r 22,000 pubs (one-third of all pubs in the UK).
However, it is the electronic trace that we all leave online that is receiving the attention of the ‘Social Spy’. For example, the Social Intelligence Corporation in the USA provides software that scans the publicly available information on the Internet to check where applicants for jobs have a negative online presence, arguing that “5-20% of applicants have something negative out there about them.” Their “Social Intelligence? Monitoring” will also check existing employees for critical comments made about colleagues and managers, unacceptable material being accessed or passed on, looking at Websites that are not approved, or undertaking what is called “cyber slacking” when they use workplace resources for personal activities.
So, as employees engage more and more with email, social networking, photo sharing, and blogging, they leave behind a detailed audit trail of what they do. And, even if people delete comments or material that they regret it may be that the material has been copied and passed on by others, or a previous version of a Web site has been captured by the Internet Archive (in what is called the WayBack Machineand will remain there without any easy way to remove their past material.
The report therefore examines the risks in the rise of pervasive surveillance in the workplace, and also the risks associated with the uncritical use of the communication channels on the Internet. Damage can be caused to all parties in the workplace, and GMB is clear in the need to negotiate ‘digital etiquette’, ethical practices and standards of behaviour by all parties.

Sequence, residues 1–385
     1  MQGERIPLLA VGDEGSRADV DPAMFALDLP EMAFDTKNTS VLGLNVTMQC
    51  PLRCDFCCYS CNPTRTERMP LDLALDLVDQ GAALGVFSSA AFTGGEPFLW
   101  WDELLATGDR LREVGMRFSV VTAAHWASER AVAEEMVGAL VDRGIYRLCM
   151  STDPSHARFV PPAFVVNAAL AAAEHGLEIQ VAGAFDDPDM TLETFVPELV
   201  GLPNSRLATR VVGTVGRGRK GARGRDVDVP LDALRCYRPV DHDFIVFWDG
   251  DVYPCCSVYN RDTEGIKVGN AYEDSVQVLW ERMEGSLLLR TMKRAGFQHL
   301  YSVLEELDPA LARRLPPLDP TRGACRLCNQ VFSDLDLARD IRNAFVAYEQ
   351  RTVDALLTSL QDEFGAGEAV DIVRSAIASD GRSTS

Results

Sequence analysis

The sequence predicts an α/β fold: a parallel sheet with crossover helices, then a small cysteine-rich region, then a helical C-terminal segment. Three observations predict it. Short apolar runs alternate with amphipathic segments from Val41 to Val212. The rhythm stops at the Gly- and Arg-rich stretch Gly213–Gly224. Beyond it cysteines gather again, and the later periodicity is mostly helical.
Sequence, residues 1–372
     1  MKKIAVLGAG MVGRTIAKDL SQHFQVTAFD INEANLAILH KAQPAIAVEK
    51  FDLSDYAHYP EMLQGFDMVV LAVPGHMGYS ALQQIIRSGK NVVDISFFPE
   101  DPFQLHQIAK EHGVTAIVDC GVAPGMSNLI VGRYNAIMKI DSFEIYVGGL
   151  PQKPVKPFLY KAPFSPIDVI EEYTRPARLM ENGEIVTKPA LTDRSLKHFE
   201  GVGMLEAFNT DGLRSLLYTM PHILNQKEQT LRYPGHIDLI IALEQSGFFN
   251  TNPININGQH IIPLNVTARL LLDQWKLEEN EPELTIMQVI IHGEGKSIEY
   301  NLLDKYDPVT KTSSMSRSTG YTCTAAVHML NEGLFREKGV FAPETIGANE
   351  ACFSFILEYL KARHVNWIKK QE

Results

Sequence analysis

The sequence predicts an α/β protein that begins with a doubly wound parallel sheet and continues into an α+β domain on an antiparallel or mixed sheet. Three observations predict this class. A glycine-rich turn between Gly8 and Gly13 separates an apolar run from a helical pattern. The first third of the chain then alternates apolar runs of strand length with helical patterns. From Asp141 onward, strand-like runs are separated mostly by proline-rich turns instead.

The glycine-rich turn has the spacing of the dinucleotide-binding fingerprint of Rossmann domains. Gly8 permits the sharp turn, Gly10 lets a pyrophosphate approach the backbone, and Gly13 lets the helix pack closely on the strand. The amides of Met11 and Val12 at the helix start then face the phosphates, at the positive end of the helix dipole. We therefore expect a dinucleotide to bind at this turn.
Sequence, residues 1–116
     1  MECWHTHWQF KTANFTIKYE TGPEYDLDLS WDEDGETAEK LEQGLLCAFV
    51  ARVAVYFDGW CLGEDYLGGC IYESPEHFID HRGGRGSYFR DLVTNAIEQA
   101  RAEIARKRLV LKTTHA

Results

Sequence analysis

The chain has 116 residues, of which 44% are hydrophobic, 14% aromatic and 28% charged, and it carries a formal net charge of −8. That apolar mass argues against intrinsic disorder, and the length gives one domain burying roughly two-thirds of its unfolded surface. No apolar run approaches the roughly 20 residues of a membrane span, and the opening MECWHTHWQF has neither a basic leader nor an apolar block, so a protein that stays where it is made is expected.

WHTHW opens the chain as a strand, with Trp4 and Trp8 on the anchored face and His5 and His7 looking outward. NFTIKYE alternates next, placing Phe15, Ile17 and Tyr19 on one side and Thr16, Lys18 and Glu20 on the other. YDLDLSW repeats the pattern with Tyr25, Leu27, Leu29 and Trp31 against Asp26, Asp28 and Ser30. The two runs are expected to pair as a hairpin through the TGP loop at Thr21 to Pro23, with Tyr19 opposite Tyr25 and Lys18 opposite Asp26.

GMB’s do’s and don’ts of social networking
· Think carefully before posting anything online.
· Have a clear understanding of what comments about your work will be tolerated by your employer.
· Take time to understand the privacy policies and controls for any social networking or blogging site that you use.
· Use access controls to limit who can see your information – and don’t forget who you have granted most detailed access!
· Use a separate email address to register with networking and blogging sites – preferably one that does not include your name.
· Check your privacy settings often. Think about who you allow as friends, and remember who they are.
· Consider that some people may not be who they say they are.
· Be aware of your employer’s policy on the use of electronic communications. You might not be allowed to use sites like Facebook in work hours.
· Clearly state in your bio that all views are your own personal opinions and not those of your employer.
· Publish your email address, telephone number or home address.
· Choose an email address that reveals private information about you.
· Make public other identifying information, such as your date of birth.
This process must also involve constructive and meaningful dialogue with employers so that employees understand that limits that exist regarding surveillance, and can then work together with employers to maximise the business benefits for all stakeholders.